People of the Spirit, worshiping Jesus in all places, at all times

Archive for the ‘Foundations’ Category

Reading Scripture and the Hope of the Poor

As a Pentecostal, I grew up in a home that emphasized and practiced daily Bible reading–both individually and as a family. I was taught to read and study the Scriptures in a personal “quiet time with God.” Additionally, my mother read to us aloud from the Bible and taught us hymns, some small bits of catechism, and helped us memorize significant and sometimes extensive portions of Scripture. It was life-shaping and it has been effective in my life, as the Holy Spirit prompts remembrance and understanding from that past in my present day-to-day life. Christians are indeed people shaped by the Scriptures that bear witness to Jesus, the Word of God.

But I’ve overheard in various circles–Pentecostal, reformed, Anglican, Lutheran, and others–that the key to discipleship is daily Bible reading. Now, I understand where this comes from. I even understand that Willow Creek’s internal discipleship study some twenty-odd years ago reinforces the importance of the Scriptures in the Christian life. But I want to challenge the idea that it’s private daily Bible reading which is to be credited for deep roots in following Jesus.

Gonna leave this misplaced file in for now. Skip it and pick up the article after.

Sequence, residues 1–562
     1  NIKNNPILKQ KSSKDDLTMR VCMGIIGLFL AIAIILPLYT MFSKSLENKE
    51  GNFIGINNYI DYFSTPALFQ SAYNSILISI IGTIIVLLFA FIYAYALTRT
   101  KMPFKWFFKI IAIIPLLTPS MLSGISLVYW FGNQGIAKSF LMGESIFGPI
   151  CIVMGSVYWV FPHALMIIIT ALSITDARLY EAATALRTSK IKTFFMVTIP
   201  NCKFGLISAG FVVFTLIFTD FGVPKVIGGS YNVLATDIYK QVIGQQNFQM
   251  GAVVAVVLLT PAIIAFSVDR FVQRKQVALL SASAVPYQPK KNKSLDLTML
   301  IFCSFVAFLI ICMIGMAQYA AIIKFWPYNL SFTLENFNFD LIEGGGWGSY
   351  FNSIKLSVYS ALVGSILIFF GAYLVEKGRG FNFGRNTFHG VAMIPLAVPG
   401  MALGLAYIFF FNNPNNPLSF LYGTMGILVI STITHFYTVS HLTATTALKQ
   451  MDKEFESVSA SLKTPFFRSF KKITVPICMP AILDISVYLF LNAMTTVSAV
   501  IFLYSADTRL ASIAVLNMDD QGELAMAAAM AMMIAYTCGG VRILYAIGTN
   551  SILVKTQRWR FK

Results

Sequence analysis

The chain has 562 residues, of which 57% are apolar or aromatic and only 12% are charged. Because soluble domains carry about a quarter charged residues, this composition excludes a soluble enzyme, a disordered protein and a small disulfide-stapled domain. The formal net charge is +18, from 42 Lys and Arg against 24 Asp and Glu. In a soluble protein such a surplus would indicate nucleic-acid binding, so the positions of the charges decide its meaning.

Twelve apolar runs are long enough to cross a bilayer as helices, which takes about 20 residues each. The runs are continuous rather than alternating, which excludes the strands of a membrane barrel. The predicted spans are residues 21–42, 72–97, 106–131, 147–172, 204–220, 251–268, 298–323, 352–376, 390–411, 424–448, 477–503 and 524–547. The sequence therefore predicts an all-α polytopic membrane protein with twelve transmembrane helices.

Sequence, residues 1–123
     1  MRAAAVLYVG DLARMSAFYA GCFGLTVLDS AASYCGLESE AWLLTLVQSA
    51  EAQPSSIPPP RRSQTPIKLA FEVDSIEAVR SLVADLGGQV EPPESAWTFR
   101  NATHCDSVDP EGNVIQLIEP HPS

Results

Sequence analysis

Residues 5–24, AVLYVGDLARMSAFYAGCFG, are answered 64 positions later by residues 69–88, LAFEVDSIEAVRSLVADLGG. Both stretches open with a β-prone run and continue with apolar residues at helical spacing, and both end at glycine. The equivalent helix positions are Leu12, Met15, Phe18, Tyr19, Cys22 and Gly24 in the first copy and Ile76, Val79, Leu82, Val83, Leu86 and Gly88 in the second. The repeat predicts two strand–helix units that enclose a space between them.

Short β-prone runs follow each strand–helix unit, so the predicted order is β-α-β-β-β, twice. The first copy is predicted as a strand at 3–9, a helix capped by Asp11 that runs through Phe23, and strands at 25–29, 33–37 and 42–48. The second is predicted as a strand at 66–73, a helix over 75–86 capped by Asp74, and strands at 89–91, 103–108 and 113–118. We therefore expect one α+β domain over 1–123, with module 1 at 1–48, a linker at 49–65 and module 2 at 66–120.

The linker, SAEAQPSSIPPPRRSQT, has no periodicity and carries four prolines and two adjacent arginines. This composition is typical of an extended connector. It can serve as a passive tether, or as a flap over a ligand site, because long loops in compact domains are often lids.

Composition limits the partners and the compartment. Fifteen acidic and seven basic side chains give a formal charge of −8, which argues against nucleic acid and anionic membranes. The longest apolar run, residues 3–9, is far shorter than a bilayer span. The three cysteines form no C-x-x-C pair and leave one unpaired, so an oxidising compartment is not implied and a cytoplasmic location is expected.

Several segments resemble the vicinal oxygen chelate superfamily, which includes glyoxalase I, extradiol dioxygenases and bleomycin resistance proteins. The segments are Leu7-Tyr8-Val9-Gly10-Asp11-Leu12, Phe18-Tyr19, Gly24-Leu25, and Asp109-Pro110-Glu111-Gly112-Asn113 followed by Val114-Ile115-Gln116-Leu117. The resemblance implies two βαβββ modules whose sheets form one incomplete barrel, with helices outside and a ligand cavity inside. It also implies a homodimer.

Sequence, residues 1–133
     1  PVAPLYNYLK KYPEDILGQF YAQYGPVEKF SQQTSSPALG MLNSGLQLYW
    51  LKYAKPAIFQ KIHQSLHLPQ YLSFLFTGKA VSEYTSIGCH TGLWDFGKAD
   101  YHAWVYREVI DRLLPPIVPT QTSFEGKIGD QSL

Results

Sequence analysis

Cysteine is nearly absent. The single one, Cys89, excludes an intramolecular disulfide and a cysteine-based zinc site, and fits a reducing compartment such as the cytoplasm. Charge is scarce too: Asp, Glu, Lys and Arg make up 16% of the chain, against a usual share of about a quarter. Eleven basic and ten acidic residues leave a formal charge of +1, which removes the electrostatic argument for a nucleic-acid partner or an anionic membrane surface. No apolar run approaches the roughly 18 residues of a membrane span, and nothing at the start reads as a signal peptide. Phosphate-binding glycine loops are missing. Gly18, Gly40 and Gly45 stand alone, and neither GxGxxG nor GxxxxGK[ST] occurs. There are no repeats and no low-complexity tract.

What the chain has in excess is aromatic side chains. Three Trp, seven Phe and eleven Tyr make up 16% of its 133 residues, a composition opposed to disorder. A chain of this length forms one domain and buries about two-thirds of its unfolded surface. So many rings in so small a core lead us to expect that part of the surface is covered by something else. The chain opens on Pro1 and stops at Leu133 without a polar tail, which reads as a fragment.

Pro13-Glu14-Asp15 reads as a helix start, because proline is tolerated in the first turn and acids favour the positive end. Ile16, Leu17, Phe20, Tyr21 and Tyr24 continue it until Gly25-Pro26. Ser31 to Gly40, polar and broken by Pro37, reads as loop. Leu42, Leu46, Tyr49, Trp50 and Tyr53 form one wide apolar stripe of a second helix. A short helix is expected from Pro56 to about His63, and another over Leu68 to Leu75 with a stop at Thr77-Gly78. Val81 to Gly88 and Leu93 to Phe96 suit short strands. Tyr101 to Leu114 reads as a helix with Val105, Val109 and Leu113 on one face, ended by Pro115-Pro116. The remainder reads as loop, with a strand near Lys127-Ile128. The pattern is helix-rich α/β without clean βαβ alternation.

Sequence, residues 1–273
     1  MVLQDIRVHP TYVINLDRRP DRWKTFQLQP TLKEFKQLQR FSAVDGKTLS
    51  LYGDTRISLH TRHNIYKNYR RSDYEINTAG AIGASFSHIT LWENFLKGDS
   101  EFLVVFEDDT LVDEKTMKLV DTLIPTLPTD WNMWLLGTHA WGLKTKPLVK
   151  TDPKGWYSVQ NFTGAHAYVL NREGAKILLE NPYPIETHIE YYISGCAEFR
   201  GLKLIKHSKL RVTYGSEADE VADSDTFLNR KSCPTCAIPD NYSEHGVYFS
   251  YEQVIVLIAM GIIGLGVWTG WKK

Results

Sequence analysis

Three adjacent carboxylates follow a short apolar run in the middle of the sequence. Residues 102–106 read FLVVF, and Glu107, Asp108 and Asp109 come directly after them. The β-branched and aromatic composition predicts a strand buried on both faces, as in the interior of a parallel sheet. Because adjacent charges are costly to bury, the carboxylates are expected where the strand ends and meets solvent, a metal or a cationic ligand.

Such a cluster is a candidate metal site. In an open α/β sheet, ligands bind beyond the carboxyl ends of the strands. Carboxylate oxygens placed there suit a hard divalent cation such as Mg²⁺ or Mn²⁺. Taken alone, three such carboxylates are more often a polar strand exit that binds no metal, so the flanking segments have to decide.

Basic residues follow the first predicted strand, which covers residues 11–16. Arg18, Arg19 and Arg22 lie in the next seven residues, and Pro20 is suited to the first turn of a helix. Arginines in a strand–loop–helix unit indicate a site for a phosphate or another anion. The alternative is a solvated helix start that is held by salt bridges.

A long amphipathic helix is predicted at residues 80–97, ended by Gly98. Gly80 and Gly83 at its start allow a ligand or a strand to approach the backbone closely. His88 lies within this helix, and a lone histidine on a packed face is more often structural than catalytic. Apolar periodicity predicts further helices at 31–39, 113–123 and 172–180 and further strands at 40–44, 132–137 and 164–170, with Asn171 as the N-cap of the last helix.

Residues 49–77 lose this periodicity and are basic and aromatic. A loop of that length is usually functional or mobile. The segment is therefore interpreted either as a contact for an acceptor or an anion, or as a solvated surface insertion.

First off, to borrow from something adapted from the Rev’d Dr. Amy Schifrin, STS, “Christianity is a deeply personal, but not private, faith.” It’s never been “me and Jesus”. It’s always been a Body, a nation, a community of saints and sinners gathered by the Holy Spirit and united in the blood of Jesus. We experience individual transformation in the midst of that, but we do so together. We cannot be disciples alone, and we are not intended to experience the grace of Christ alone. Even Saul’s conversion cannot happen apart from the Body. Jesus changed everything for this persecutor of the Church, but he sends Ananias to baptize and lay hands on Him–creating a community into which Saul is received.

Second, it’s never been reading. The Scriptures, all through the history of Israel were read aloud in order to be heard by God’s people. That continued in the synagogues, and the Church adopted the same practice in teaching the Old Testament, as well as reading the “memoirs of the apostles” and the apostolic epistles. The Apostle Paul goes so far as to say that faith comes by hearing in Romans 10. For the benefit of faith and the increase of grace, the Church gathers to hear the Word of God proclaimed by the Scriptures being read aloud, preached, and visible displayed in the Sacraments.